Planned Job Cuts Plummet in March

ByJennifer Lawinski

Companies plan to givefewer workers the axe, as proposed job cuts fell in March to their lowest levelin 10 months, according to the latest job-cut report from global outplacementfirm Challenger, Gray & Christmas.

U.S.-based employersannounced that 37,880 positions would be terminated during the month of March,27 percent fewer than the 51,728 job cuts announced in February. The number ofcuts is the lowest since May 2011, when 37,135 job cuts were announced.

For the quarter, however,job cuts are up over 2011. Through the first quarter of 2012, companiesannounced the termination of 143,094 employees, up 9.4 percent over the firstquarter of last year, when cuts came in at 130,749 jobs.

The highest number ofplanned cuts was in telecommunications, where 4,089 jobs were eliminated,nearly half of which came from wireless carrier T-Mobile, which isconsolidating call centers to save money. In addition, Verizon Wireless announcedin March that it would be cutting 750 call center workers, and Wells Fargo andQVC also also cut call center jobs.

The consumer productssector has seen the most job cuts in Q1 2012, with 18,438 layoffs, asignificant jump from the 4,571 cuts in the first three months of 2011.Transportation also saw a steep rise in the quarter, up more than 500 percentover 2011, rising from 2,547 to 17,051.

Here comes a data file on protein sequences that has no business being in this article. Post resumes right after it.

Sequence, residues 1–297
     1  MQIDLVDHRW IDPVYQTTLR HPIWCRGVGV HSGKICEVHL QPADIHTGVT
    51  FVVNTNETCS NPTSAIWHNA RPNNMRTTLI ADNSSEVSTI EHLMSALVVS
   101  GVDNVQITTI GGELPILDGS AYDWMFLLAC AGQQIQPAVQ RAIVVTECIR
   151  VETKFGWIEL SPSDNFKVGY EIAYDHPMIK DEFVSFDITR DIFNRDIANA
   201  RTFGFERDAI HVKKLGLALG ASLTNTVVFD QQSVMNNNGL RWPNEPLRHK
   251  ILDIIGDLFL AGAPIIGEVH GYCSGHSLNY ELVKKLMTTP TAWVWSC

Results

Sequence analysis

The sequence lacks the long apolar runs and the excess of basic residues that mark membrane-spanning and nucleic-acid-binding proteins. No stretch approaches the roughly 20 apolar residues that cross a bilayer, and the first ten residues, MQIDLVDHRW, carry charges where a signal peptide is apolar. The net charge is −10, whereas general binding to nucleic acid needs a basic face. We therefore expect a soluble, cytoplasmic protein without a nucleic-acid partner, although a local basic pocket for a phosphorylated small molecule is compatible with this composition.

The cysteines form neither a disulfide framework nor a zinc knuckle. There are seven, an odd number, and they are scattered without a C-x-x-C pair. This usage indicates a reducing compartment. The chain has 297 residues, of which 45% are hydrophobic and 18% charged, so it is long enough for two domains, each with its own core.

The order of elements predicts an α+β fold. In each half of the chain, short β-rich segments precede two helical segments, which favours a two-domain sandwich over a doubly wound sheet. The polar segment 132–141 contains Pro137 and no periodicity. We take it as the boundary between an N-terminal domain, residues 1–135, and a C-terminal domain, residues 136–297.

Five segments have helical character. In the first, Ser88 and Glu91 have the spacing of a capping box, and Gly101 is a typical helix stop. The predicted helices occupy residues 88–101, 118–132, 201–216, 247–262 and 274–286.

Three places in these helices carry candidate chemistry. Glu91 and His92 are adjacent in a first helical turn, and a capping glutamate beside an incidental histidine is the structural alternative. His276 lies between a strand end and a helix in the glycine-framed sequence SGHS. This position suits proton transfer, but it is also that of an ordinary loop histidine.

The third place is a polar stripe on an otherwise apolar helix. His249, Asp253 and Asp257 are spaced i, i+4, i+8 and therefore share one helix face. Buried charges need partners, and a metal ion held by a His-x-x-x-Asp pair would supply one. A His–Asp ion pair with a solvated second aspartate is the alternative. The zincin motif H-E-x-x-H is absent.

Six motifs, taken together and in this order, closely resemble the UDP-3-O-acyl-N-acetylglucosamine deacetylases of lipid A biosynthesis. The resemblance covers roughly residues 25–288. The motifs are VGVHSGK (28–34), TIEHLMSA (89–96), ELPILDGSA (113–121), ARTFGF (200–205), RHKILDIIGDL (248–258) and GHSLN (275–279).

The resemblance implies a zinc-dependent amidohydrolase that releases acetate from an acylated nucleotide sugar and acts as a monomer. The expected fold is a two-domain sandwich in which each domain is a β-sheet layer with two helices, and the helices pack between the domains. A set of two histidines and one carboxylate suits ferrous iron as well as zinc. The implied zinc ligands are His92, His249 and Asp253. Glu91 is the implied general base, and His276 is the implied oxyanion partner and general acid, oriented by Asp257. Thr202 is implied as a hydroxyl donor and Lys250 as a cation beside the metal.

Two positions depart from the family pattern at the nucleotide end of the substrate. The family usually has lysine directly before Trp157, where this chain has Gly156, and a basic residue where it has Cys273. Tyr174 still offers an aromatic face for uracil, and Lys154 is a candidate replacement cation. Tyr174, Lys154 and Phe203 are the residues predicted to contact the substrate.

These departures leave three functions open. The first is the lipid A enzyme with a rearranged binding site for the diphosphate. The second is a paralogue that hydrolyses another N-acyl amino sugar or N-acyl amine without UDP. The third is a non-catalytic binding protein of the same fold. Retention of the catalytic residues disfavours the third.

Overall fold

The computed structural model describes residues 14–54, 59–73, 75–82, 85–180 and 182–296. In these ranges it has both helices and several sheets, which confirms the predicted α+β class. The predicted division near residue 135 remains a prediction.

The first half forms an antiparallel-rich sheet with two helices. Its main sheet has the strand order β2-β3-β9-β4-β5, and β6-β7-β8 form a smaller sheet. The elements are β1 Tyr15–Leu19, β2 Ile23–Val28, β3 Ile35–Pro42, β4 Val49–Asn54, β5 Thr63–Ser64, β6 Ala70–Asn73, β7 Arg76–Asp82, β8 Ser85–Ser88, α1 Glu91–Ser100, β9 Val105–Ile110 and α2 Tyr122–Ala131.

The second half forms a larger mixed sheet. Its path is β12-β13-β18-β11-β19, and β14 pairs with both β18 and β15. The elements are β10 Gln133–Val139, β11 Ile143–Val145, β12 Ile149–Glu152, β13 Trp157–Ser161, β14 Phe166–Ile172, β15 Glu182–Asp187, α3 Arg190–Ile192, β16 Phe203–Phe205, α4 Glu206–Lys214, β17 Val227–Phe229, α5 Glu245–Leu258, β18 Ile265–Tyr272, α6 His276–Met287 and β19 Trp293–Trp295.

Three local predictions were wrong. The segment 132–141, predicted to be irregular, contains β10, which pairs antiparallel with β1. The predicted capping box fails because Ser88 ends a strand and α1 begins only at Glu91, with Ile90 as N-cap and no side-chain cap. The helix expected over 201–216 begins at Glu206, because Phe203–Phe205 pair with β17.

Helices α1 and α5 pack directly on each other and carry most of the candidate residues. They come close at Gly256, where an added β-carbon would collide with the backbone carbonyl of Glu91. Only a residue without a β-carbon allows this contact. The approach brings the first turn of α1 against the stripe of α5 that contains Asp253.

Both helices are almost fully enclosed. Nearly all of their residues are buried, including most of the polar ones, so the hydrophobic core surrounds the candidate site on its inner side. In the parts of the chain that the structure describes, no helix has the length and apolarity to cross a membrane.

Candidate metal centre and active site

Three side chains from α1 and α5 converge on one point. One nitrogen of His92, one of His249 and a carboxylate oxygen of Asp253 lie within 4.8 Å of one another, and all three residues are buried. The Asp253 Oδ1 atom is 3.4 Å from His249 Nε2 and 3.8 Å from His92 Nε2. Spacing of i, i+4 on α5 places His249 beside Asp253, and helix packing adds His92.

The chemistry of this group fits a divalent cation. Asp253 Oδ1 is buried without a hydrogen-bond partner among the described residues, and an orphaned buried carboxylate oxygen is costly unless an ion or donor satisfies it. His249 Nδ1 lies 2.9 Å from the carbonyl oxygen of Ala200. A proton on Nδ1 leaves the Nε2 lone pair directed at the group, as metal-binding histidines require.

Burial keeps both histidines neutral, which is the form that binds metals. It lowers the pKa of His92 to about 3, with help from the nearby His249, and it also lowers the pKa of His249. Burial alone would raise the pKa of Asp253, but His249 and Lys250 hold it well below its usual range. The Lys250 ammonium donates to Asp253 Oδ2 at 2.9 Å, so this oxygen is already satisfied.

"Both consumerproducts and transportation saw fewer job cuts in March after experiencingheavy cuts in February,? said John Challenger, CEO of Challenger, Gray &Christmas, in a statement.  ?These arekey indicators of the economy’s health, so they will be closely monitored inthe coming months for more signs of distress. The hope is that the February surge in these sectors was not indicativeof a trend.?

In the public sector, jobcuts have fallen sharply year-over-year. In 2012, 5,750 government job cutswere announced, down 86 percent from 2011’s first-quarter number of 41,929.Whether this is a sign of public sector stabilization or a temporary respitefor government workers is unclear, according to Challenger.

"This may simply bethe eye of the storm for government workers; a lull in activity in an electionyear and a time when many state budgets are still being negotiated,"Challenger said.  ?The potential for asurge in government cuts is significant. Massive cuts in the U.S. Post Office are still being considered. 

?Last month, the U.S.Department of the Interior was asked to develop a plan that would eliminate5,000 workers by the end of fiscal year 2013. In Illinois, the governor hasproposed a budget that would result in 2,700 job cuts.  So, we definitely have not seen the end oflarge-scale government layoffs.?

Budget shortfalls arestill hitting local governments hard, he said, evidenced by a 192 percent risein education job cuts from February’s total of 1,275 to March’s 3,733. "Thesecuts are a strong indicator that more government cuts are on the horizon,"Challenger said.